Selfish is OK

Several years back during a time when introspection was greatly needed, I came to the notion that my fatal flaw was that I was selfish, but that I was OK with that and I was going to embrace it and work with it. It didn’t strike me as that horrible as fatal flaws go, but I took some shit for it when I told people. When I thought about it more, I realized that I didn’t truly mean the same thing as the dictionary definition.  In fact a dear friend pointed out that I absolutely was NOT lacking in concern for others, and that I should reframe it as “being good at self-care”.  In addition to meeting pretty much all the needs of my still young at the time children, I was also quite capable of saying no, taking time for myself, pursuing interests that I enjoyed, and perhaps more often than others, putting my needs before the needs of others. There had to be a better way to express that.

SELF·ish /ˈsɛlfɪʃ/ adj. lacking consideration for other people; concerned chiefly with one’s own personal profit or pleasure.

A year ago today, I made a plea on Facebook for “a word (a simple word, not a phrase) that would mean much the same as selfish, but without the ‘complete disregard for others’ it connotes? ” I was looking for a word I could use to describe this feeling of taking care of my own needs in the face of conflicting needs from others. What I got was a deluge of negativity regarding my inquiry.

Egocentric? Narcissistic? Greedy? Self-centered? Self-absorbed? Inconsiderate? Inwardly focused? Self-indulgent? Jerk? Egocentric? Cavalier? Thoughtless?

I was shocked! Such hostility and rancor towards the subject. I hoped that people simply misunderstood my intent and that the entire world did not think that putting ones own needs and desires above others’ was inherently bad. So I clarified, ” OK. Clearly I was not as concise as I wanted to be. I wanted to TAKE OUT the negative element. Selfish, according to the definition, means to focus on one’s needs to the exclusion of others. I was looking for a word that would positively give a sense of focusing on one’s needs, perhaps not always acting the way others would want, while still being aware of them. “Self-focused” was the only one that got close to what I was really looking for. Now that I am clearer, any other options?” What followed was a little better, but not much.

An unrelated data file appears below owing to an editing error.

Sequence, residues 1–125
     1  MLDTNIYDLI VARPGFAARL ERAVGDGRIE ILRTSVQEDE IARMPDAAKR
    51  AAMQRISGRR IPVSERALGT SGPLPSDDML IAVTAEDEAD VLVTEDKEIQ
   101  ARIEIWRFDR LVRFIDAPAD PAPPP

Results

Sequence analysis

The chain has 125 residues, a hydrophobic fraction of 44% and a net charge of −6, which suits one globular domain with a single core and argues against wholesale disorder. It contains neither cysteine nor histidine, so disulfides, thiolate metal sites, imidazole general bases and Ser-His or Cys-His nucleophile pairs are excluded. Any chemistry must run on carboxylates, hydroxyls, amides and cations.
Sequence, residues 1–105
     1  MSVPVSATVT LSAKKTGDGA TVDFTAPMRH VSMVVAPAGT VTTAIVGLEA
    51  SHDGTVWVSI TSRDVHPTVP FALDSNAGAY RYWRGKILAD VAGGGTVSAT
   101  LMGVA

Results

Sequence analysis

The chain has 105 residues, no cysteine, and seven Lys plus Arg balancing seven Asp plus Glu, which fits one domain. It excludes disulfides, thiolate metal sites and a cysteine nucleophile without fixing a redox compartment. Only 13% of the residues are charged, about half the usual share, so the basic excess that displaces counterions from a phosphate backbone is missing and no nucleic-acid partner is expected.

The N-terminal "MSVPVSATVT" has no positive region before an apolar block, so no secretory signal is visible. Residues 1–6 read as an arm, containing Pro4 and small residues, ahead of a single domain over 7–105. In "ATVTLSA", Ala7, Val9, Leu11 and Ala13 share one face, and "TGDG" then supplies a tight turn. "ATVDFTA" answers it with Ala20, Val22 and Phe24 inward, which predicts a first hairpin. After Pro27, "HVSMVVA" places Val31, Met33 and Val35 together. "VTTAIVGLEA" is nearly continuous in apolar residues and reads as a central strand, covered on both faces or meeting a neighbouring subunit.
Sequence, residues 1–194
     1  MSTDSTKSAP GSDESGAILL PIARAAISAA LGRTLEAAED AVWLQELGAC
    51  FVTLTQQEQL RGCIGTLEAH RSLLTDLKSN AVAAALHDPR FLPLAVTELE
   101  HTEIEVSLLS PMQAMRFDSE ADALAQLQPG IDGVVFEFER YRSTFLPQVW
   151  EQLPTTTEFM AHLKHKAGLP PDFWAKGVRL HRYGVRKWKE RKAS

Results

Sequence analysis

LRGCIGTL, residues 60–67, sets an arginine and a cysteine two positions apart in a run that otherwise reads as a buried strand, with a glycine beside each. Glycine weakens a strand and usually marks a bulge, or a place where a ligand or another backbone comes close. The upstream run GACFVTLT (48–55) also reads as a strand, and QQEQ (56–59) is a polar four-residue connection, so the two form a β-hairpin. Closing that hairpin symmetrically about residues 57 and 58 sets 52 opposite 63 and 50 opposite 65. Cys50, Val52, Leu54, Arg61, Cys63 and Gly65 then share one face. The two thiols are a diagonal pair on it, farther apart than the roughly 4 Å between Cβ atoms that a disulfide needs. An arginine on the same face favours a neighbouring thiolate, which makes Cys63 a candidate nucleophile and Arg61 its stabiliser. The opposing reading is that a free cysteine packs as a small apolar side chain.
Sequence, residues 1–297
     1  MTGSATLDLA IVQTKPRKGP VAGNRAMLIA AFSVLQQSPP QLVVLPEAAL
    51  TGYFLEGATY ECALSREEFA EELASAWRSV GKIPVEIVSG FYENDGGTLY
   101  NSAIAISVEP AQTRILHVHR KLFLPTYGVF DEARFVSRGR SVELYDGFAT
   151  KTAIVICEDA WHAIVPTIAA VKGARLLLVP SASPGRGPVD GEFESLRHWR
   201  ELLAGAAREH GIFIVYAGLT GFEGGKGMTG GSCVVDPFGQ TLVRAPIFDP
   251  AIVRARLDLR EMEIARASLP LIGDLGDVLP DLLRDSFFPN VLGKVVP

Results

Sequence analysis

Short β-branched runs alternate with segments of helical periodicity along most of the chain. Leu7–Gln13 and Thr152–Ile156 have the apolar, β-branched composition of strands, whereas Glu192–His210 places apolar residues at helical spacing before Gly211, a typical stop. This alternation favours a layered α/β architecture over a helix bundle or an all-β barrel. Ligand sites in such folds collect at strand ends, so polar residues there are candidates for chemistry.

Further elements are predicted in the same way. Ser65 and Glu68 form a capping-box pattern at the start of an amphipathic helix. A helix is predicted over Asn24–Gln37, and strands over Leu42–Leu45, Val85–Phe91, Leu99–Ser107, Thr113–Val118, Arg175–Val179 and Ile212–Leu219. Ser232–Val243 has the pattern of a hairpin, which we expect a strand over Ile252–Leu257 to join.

Internally focused? Self-contained? Centered? Grounded? Autonomous? Individualistic? Self-directed? Empowered? Self-care? Boundaried? Authentic? Self-interested?

Still not great. More in line with what I was thinking, but not a simple adjective to be used in everyday life to concisely express what I was meaning. I think my sister got it right when she postulated, “… that could be part of the whole concept’s issue. Maybe it’s not a mode one ‘lives in’ but maybe a vital process one engages in to bridge to a more whole self?” The CONCEPT has an image problem. It’s not somewhere you are supposed to live. And I wonder why not?

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Someone suggested trying to make a new word – selfishless was their suggestion. To my ears, though, that sounded more like “to be without selfishness” which was again the opposite of what I was going for. I thought maybe “selfful” might work, like helpful, but for yourself. But someone characterized it as being “full of yourself”, which is a phrase that is distinctly negative in it’s connotation, an exaggerated sense of self-worth in a way that annoys other people.  A word won’t work if it “sounds bad” and that did.  So back to square one, no good, simple word to describe a maligned concept that needs a good PR firm to bolster its acceptance.

It’s sad to me that the people I polled immediately defaulted to thinking that this type of feeling was “not good” and that we don’t have a better word to describe the positive, necessary element of what I really mean. I bet the Germans do. They have great words for lots of things we can barely say in a sentence – schadenfreude anyone? Looking back, too, I realize that simply classifying my feelings of self-care as a “fatal flaw” had me falling into the same negative stereotype that I am now trying to dispel. It’s not a flaw, it’s a strength.  And I am going to try to respect it.

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